Category Archives: death

Between Cross and Easter

Of late, not only in my ministry work, but through the connections of social media, I have been highly conscious of the processions of sorrow that go on around us in the midst of life. In my work, we are walking near every kind of brokenness and sorrow in the world every week, then trying hard to stand up and proclaim hope on Sunday.

Brokenness comes in so many different forms, but it all shares one truth–suddenly we are in a room with no walls to keep predators out, no roof to shield us from torrential storms, no floor to stop us from going down. WIth that comes temptation to panic, that we might absolutely burst from the heaviness of it all. It is here that faith matters most if it matters at all.

This prayer is from my 2015 book, Poems, Prayers and Unfinished Promises.  It was a prayer given originally as an invocation to a performance of the Requiem by John Rutter. If you are in that place, perhaps it would be of some encouragement today.

We came here tonight to wait and to hope

That tombs and sorrow and death and loss

Are only prelude

To seek the Living shepherd,

Beyond our doubts, beyond our fears,

From death into life.

We wait faithfully

Hoping that

You might meet us in our gardens of sorrow as you met Mary,

We wait for unexpected visions in the midst of our tears.

And for you to come to us

As you came to them behind the locked doors of fear

To wait tonight is enough

For tomorrow we will walk to the tomb again Read the rest of this entry

Brian: In Memoriam

On Monday, I conducted a funeral service for a 43 year old man, Brian Booth, whom I’d known for 25 years. He had never spoken a single word to me, only responding with eye signals and laughs and sounds. Brian lived with cerebral palsy, profound in its limitations. His father shared a story about him.

Brian had a wonderful nurse for a number of years who was originally from Jamaica. Joan was one of those people that Brian would welcome with that beaming dimpled smile. Joan provided Brian with such incredible loving care and he was so appreciative. She would sit in the floor so she would be on his level, and talk to him about all sorts of things. He sincerely enjoyed hearing about other peoples’ trials and travails…so much so that he would laugh out loud when Joan would tell him about things that weren’t going just right. She always said that his laugh would make her forget anything that wasn’t going as expected. She would go home and share Brian’s ministry of laugh with her sister. If things were going off the tracks for her sister, Joan would simple tell her “you need to go see Brian”.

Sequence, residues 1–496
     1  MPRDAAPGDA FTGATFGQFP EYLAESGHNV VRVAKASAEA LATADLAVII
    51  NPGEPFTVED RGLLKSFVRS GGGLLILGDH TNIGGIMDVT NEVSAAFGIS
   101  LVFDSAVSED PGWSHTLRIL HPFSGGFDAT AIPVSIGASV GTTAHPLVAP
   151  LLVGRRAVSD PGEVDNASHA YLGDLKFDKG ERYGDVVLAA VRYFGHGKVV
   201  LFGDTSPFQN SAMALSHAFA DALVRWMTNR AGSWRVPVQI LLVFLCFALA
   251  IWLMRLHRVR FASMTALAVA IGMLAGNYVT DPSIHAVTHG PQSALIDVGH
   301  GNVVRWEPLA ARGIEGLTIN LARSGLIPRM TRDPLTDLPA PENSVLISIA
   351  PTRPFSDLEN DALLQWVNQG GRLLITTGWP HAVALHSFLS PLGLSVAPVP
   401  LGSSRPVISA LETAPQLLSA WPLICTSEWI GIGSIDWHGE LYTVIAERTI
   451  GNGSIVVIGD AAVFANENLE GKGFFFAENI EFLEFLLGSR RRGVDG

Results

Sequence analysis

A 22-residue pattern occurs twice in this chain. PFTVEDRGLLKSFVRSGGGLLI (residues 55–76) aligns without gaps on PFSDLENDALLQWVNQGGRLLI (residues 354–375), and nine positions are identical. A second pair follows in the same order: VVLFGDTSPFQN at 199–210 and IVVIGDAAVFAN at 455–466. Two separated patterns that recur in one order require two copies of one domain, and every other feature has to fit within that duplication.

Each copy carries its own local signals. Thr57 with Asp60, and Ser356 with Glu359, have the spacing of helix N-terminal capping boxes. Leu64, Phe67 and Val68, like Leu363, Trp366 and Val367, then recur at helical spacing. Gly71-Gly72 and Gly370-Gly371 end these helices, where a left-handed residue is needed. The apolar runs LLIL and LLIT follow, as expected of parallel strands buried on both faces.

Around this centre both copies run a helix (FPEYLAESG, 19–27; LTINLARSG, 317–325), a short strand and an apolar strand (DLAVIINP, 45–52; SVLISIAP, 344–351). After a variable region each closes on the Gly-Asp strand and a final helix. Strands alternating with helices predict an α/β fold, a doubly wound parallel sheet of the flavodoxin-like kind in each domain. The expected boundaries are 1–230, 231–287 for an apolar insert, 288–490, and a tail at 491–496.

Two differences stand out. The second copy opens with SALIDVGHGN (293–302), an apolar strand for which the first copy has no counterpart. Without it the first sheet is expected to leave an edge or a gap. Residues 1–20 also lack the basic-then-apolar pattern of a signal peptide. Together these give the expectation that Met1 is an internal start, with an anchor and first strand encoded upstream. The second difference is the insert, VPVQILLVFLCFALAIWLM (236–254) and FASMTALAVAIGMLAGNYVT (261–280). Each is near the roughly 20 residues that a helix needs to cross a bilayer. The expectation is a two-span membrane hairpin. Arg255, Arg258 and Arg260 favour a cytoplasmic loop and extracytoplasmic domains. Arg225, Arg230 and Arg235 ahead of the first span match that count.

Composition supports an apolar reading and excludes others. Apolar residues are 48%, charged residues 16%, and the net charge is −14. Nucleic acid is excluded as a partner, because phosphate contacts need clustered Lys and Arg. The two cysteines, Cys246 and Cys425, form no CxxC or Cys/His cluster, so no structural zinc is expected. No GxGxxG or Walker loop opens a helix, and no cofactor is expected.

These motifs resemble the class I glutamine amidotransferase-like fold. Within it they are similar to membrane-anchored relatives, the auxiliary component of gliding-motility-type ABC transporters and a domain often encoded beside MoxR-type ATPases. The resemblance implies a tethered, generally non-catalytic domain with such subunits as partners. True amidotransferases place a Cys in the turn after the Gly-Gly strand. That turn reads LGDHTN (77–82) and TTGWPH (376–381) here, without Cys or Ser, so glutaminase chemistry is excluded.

The differently abled and their families have so much to teach us. As a part of that service, I wrote and shared the following.

Yes, Brian was once a little boy.

Brian, on the day of his baptism in 2013.Yes, Brian was a little boy.

But not forever. He became a man.

His wheel chair and the helpless limbs kept most of us

From knowing that—but he had a quick mind.

Rapid eyes followed all that passed by.

He did not miss any of life. He lived it

even if it wasn’t like yours and mine.

He lived his days knowing father and mother love

Far more than many who never have it at all;

Brothers and sisters made him laugh

and loved him, loved to be with him and whatever

Scrapes they might have had with each other they knew

What was said to Brian always stayed with Brian

No matter what.

 

It’s easy to see only limbs that don’t work

And stop seeing a brain that does, a heart that feels,

A young man’s understanding soul inside that laughed

At the name of Jesus. When did you last

Show your Lord such honor?

He had his preferences, like everyone.

Reese’s peanut butter cups were just this side of heaven;

Barney on the other hand, never made the cut. Something

About a man in a purple dinosaur suit hit Brian wrong.

But of all the things of earth, the bad was a very short list.

 

How well have I done to avoid whining,

or being critical, complaining and unhappy?

And what reasons do I have for my hurried ingratitude?

Life is gift, but to know it while you live it?  That’s pure grace.

He did. He caused so much love, beyond mere pity.

Yes and No with his eyes would do for ordinary things.

Smiles and laughter and groans and moans

For all the rest. And that is enough to live a life

Impart love to all around you and make it worthwhile

to have been here at all.

It’s the wake behind the boat that shows its power. Not admiration or envy

But waves and waves of love and the ache of its departure..

He was here. Jesus loved him. And he knew it.

That should be enough for any of us. The rest is for show.

Isn’t it?